MEDIA GALLERY

M&E Thursday Talk – Everyday Peace Indicators: Including Hard to Access Populations into International Peacebuilding Efforts – 05.07.17

 

On May 7, 2015, the Network for Peacebuilding Evaluation and the Peacebuilding Evaluation Consortium had the pleasure of hosting a Thursday Talk with Dr. Pamina Firchow of George Mason University who discussed the Everyday Peace Indicators and how to include hard to access populations into international peacebuilding efforts.

 

The Everyday Peace Indicators project aims to create alternative, bottom-up indicators of peace. It seeks to address the limitations of existing approaches to measuring peace and reconciliation, as well as limitations in evaluation practices. The project is being piloted in four sub-Saharan countries (South Sudan, South Africa, Zimbabwe and Uganda) using participatory action research methods and longitudinal, multi- mode mobile phone surveys to reach hard to access populations.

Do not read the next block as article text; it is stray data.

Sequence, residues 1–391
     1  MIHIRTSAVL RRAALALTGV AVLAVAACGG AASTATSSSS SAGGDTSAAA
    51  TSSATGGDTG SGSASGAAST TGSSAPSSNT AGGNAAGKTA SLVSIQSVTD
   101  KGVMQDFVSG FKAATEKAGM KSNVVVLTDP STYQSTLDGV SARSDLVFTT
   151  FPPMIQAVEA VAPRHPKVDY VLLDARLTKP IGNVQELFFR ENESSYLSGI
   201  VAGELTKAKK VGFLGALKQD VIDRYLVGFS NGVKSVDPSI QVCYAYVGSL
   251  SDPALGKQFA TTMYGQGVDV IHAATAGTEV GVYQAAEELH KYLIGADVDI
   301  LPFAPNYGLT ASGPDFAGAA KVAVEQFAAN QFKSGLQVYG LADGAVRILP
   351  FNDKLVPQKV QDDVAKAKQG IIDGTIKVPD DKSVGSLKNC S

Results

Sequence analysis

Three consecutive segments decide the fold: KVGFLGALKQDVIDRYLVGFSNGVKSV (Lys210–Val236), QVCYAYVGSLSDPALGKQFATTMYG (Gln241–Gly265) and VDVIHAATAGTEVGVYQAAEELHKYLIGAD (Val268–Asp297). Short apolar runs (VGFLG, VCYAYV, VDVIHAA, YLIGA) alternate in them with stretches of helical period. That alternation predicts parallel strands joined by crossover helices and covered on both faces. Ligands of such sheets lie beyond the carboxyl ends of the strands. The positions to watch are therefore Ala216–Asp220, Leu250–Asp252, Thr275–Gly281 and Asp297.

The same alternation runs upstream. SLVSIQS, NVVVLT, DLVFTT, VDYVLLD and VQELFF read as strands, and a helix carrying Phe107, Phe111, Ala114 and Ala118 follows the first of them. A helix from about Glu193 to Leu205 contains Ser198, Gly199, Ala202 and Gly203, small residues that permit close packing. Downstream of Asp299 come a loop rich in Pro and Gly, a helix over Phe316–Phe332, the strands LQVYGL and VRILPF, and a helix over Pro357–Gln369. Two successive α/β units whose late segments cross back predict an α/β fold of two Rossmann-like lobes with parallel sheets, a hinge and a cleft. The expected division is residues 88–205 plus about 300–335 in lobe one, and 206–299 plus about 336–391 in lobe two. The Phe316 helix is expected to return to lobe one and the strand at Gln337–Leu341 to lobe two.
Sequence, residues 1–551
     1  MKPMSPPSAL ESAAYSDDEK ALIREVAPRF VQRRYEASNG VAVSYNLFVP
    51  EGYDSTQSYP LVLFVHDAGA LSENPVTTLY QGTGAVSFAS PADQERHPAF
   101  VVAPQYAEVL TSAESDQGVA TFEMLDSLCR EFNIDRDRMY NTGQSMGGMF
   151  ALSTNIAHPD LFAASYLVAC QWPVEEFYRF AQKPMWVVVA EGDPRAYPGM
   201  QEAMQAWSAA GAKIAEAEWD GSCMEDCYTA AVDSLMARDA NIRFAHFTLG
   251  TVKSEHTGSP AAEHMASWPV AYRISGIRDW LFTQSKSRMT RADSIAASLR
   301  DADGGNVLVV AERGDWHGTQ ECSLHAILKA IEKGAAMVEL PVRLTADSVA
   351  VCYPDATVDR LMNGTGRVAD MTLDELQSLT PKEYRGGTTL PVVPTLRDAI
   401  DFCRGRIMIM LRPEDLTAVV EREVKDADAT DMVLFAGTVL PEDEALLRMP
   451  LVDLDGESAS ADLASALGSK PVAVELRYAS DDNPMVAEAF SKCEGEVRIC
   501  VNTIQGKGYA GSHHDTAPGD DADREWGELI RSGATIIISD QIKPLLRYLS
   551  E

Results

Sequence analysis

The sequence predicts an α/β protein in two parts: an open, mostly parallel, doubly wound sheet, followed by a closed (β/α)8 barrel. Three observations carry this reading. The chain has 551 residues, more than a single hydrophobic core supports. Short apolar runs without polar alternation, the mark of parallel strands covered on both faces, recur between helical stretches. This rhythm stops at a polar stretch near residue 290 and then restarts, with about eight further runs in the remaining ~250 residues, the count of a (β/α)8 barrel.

Recording:

 

M&E Thursday Talk: Everyday Peace Indicators: Including Hard to Access Populations in International Peacebuilding Efforts from DME for Peace on Vimeo.

PowerPoint: Pamina’s PowerPoint is available here. (link is external)

Summary: Check back soon for the summary.

About the Speaker: 

Pamina Firchow is an Assistant Professor of Conflict Analysis and Resolution at George Mason University. Previously, she was an Assistant Professor of the Practice of Peacebuilding at the University of Notre Dame. Her research interests include political violence, transitional justice (especially victim reparations), reconciliation and peacebuilding. In particular, she is interested in the study of the ‘local turn’ in peacebuilding and the international accompaniment of communities affected by mass violence. Her most recent publications focus on reparations in Colombia, the nexus between reparations and peacebuilding, as well as publications on using technology in peace research, creating inclusive surveys and creating bottom-up indicators of peace based on the Everyday Peace Indicators project. 

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